What I like best in this chapter, however, are the very human ways in which God’s plans are worked out. The servant seems reluctant, Laban seems greedy, the men like to feast, Rebekah’s brother and mother are distressed at her departure, Isaac seems more lonely for his mother than eager for a wife, but it all works out. Rebekah herself is a dynamo: quick-moving, assertive, and ready for adventure. And in that grace which sometimes sweetens our human fumbling, Rebekah is so impressed by Isaac that she leaps off her camel before she discovers that he is her betrothed!
I recommend Song of Solomon 2:8-13 as a companion for Gen 24. The bride of Ps 45:10-17 is mostly an accessory to her royal groom, and the psalm’s closing words of blessing/promise are addressed to him rather than, as in Gen 24:60, the bride. By contrast, the Song (which is neither by nor about Solomon) features an active and assertive young woman (3:1-4), a more rural setting, and a romantic rather than political relationship. The biggest disconnect is that in 2:8-9 the boy bounds like a gazelle, while in Gen 24 Rebekah does the running!
Matt 11:16-19, 25-30 supports the idea that God sometimes reaches us in ordinary and even delightful ways. Jesus starts by mocking those who cannot see where God is working: they reject his ministry because he celebrates and hangs out with the wrong people, but say that John “has a demon” because he does not celebrate! The reading presents Jesus as an incarnation of Sophia (Wisdom, see Prov 8-9) not only in 11:19 but in 29-30, where Jesus does a “shout out” to Sir 6:30 and 51:26, verses that ask us to wear Wisdom’s golden yoke.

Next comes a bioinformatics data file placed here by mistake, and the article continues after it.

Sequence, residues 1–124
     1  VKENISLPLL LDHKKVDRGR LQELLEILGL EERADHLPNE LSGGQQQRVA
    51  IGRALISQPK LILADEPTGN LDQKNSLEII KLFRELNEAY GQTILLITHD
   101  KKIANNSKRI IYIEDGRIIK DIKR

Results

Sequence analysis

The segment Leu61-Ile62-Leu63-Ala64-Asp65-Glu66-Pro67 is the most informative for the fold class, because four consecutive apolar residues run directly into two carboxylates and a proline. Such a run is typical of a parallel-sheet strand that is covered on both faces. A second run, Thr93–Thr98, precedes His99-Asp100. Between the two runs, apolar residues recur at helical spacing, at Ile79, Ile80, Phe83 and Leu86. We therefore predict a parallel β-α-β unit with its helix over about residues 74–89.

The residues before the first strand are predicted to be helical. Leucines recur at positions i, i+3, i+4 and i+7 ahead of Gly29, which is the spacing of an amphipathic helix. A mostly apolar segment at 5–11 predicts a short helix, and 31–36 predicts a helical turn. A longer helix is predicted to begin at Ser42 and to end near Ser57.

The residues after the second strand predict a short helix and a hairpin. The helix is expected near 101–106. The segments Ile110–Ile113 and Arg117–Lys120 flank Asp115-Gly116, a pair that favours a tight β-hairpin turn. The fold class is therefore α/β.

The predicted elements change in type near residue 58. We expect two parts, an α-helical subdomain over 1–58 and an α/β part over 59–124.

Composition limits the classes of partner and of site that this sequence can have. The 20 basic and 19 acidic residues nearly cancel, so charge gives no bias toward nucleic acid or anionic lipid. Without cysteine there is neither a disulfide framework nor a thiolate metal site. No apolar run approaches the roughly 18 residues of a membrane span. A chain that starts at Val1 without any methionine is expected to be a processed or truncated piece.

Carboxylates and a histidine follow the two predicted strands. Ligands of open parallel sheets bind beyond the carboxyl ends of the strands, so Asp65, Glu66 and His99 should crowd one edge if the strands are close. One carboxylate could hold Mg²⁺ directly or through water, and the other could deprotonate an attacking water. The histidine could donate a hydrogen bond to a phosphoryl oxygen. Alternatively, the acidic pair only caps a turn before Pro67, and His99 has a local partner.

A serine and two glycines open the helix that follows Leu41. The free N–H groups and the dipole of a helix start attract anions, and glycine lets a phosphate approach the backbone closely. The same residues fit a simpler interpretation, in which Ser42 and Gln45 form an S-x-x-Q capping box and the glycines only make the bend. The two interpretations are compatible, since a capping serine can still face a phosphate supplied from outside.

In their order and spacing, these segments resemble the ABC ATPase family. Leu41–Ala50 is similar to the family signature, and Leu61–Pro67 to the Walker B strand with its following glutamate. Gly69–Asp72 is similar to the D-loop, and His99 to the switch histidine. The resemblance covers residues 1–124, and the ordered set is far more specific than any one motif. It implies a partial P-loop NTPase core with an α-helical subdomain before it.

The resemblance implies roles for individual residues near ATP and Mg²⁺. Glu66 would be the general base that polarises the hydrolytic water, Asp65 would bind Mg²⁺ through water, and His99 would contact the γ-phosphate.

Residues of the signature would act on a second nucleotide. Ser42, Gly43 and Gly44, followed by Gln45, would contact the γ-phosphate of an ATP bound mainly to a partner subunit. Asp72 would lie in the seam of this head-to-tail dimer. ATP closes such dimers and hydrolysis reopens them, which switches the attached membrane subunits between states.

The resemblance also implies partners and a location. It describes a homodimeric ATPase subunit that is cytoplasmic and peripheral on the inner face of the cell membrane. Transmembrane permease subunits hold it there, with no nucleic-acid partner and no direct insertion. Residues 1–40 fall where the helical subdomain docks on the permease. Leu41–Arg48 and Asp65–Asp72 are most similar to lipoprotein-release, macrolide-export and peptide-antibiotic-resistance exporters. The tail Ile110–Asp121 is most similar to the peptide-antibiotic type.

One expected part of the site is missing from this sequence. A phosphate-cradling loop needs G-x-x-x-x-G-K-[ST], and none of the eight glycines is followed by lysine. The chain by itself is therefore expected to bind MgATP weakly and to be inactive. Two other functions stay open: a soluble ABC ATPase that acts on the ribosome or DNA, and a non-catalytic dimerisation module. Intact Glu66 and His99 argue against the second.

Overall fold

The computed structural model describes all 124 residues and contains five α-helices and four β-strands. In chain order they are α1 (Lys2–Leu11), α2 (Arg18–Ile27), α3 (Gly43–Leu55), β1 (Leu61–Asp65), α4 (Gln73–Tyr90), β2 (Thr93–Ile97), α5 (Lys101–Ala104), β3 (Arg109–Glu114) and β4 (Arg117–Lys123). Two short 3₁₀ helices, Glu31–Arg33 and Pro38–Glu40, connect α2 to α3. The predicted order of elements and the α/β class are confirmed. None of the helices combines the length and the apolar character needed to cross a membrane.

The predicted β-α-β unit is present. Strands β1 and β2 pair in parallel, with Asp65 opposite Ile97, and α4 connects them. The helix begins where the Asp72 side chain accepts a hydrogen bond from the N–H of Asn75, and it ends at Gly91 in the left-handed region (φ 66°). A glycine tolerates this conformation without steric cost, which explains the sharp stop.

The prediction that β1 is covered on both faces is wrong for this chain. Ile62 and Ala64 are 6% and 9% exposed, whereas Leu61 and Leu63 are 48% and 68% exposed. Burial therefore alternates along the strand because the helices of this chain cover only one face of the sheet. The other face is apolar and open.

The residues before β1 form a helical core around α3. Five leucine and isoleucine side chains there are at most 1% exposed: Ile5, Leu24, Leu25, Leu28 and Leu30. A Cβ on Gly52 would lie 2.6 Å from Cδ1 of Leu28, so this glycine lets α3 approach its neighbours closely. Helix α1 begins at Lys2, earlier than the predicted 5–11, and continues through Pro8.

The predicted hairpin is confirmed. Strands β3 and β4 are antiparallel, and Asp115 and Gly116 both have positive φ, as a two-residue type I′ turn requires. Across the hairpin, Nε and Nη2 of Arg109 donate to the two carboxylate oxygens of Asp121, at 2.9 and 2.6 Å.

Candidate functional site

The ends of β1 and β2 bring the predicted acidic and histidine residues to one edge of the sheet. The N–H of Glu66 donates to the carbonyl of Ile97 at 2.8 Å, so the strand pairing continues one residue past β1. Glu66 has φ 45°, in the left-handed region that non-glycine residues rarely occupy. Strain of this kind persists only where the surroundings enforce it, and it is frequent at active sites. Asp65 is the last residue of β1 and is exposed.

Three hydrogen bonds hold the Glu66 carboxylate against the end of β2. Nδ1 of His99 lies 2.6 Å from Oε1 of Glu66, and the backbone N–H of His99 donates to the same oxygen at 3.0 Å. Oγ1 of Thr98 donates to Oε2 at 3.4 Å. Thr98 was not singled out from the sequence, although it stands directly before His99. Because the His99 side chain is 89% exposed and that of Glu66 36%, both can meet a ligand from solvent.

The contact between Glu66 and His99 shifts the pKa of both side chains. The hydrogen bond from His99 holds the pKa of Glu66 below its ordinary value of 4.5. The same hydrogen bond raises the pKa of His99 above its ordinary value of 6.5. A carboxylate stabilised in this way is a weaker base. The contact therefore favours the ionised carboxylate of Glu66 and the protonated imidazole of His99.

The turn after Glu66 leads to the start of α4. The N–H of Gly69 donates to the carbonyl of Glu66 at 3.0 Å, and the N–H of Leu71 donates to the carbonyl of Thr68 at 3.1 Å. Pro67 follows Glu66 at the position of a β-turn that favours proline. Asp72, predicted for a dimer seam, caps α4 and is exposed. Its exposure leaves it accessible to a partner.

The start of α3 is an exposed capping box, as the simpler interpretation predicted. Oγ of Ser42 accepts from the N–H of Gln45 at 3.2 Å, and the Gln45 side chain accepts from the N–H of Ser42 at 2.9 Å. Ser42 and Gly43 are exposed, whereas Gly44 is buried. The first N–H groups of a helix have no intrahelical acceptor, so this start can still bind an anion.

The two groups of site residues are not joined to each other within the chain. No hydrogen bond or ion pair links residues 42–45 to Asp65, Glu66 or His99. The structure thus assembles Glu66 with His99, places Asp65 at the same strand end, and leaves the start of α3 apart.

Biblical wisdom traditions are generally open to learning from all sources, not just special revelation (notice how Proverbs and Ecclesiastes appeal to observation as a source of knowledge). It’s seeing Jesus as Sophia that justifies the claims about him in Mt 11:25-27. Rather than using these verses to claim a unique Christian access to truth, we might emphasize that God’s wisdom is more accessible to “infants” than “the intelligent.” Those whom the world counts wise still need to listen to others.
Romans 7 continues Paul’s reflection on the conflicting “force fields” of sin and righteousness (see last week’s commentary). His association of sin with “flesh” reinforces an unfortunate dualism. Some of our worst sins involve mental desires for control and prestige that override physically based feelings of compassion! What we can affirm is the idea in Paul and rabbinic tradition that we have impulses towards both good and evil. Even when we know what is right, we often find ourselves not doing it. In itself this lection does not move forward to the good news, which is that experiencing God’s generous love can free us to do what our own will power cannot. But the lection does remind us how futile it can be to berate ourselves and others about what “ought” to be done. They, and we, know what we should do, but we need God’s spirit—not threats—to enable us to do it.
Marti J. Steussy is MacAllister-Petticrew Professor of Biblical Interpretation Emerita at Christian Theological Seminary and an active member of the Network of Biblical Storytellers and its seminar.